Unlike some of its marmot relatives the Groundhog prefers to live in grassy, open areas. Adults may grow to 2 feet in length and up to 9 pounds, making them one of the largest of the marmots where they live. Typically in the wild they live only 2-3 years but up to 6 years, their short life span due in part to heavy predation by many other carnivorous mammals and birds of prey. Young groundhogs commonly are eaten by snakes that enter their burrows. Their diet may include insects and snails, but is primarily plant materials such as nuts, seeds, fruit, and crops where their habitat is adjacent to agricultural lands. They live in burrows that normally have up to 5 entrances, providing them with added escape routes. It is this extensive burrowing and the presence of many large mounds of soil at the surface that create problems for people when the animals live near them. Groundhogs hibernate for several months during the winter and produce a litter of 2-6 young in mid-Spring. The young are weaned at about 6 weeks of age and there is 1 litter per year.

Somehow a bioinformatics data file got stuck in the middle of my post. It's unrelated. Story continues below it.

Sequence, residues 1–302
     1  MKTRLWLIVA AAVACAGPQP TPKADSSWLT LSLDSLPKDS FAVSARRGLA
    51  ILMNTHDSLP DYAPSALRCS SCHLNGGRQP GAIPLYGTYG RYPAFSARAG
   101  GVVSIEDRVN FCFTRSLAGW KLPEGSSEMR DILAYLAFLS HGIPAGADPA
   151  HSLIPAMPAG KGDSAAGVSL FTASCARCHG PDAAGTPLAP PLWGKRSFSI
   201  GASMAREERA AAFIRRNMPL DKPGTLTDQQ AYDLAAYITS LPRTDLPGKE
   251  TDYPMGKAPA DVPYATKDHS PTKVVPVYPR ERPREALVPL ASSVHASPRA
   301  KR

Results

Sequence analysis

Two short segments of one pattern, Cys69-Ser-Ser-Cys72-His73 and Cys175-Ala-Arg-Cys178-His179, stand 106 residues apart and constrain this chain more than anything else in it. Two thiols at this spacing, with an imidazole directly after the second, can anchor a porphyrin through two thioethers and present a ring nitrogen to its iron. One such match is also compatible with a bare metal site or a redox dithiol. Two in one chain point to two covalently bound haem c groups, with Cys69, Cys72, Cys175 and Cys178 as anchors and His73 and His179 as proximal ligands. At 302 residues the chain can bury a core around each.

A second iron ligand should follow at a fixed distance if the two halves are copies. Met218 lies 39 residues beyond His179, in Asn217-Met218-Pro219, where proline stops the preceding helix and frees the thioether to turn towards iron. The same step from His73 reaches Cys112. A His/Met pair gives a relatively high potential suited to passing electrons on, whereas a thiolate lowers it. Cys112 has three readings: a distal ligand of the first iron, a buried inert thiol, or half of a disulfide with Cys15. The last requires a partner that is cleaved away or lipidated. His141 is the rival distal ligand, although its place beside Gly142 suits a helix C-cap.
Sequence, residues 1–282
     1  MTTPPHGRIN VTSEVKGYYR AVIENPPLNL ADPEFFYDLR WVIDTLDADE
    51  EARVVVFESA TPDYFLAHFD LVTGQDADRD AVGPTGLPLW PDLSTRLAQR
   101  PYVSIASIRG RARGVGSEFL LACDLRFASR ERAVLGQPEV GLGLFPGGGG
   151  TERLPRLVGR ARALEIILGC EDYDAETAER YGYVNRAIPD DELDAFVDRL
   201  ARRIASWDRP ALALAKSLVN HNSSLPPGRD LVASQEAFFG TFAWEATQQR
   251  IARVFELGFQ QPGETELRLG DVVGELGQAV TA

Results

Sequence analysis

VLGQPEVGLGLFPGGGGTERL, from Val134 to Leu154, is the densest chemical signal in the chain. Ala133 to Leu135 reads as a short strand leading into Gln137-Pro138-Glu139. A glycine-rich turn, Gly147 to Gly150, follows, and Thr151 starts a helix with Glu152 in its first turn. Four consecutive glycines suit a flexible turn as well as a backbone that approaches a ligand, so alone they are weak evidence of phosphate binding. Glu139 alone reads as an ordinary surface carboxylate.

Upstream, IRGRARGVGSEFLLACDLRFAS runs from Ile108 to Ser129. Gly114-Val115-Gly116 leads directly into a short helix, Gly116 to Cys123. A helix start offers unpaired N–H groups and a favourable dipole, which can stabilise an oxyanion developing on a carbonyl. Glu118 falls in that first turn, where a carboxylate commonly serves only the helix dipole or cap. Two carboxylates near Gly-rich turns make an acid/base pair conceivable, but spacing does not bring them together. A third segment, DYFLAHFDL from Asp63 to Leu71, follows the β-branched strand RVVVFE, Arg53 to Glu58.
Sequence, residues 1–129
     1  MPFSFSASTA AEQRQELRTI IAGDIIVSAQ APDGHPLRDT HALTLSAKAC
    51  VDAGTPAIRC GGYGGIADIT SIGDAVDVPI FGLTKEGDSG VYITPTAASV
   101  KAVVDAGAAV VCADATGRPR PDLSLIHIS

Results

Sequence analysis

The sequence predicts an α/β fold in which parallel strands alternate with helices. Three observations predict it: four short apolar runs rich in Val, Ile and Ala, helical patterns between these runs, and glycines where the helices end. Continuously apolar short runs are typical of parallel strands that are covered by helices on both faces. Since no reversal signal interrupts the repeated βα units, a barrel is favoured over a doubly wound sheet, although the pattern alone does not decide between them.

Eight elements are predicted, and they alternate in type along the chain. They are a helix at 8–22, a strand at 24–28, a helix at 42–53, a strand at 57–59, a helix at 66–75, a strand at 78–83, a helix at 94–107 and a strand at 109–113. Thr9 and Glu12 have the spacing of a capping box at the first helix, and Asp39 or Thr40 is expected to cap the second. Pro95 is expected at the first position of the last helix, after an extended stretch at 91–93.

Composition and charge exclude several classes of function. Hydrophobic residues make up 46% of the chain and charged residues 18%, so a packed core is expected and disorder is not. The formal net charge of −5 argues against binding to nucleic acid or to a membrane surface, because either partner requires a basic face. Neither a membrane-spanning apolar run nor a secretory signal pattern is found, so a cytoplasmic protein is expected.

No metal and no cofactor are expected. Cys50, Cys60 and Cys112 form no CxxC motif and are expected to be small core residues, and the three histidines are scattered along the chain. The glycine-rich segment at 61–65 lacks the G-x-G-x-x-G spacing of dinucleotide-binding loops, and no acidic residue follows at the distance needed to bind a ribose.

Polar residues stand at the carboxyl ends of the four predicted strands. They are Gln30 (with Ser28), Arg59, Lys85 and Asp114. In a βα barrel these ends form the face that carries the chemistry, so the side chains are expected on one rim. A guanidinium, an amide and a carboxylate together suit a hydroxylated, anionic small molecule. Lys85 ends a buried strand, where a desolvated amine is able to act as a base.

Non-chemical methods that may be less effective include the use of frightening devices or repellents. For small garden areas fencing may be installed to keep them out, but they are excellent climbers and the fence must be installed to prevent this. It should be buried at least 12 inches into the soil with the bottom edge flared outward, and at least 3 feet high with the top edge flared outward. Installing an electric wire at the top also discourages climbing. In most states they are classified as game animals that may require a permit to kill. Lethal means include shooting, toxic baits, and fumigants such as aluminum phosphide placed directly into their burrows. Both live and kill traps can be used on small numbers around urban areas, but knowledge of the regulations on releasing them are important.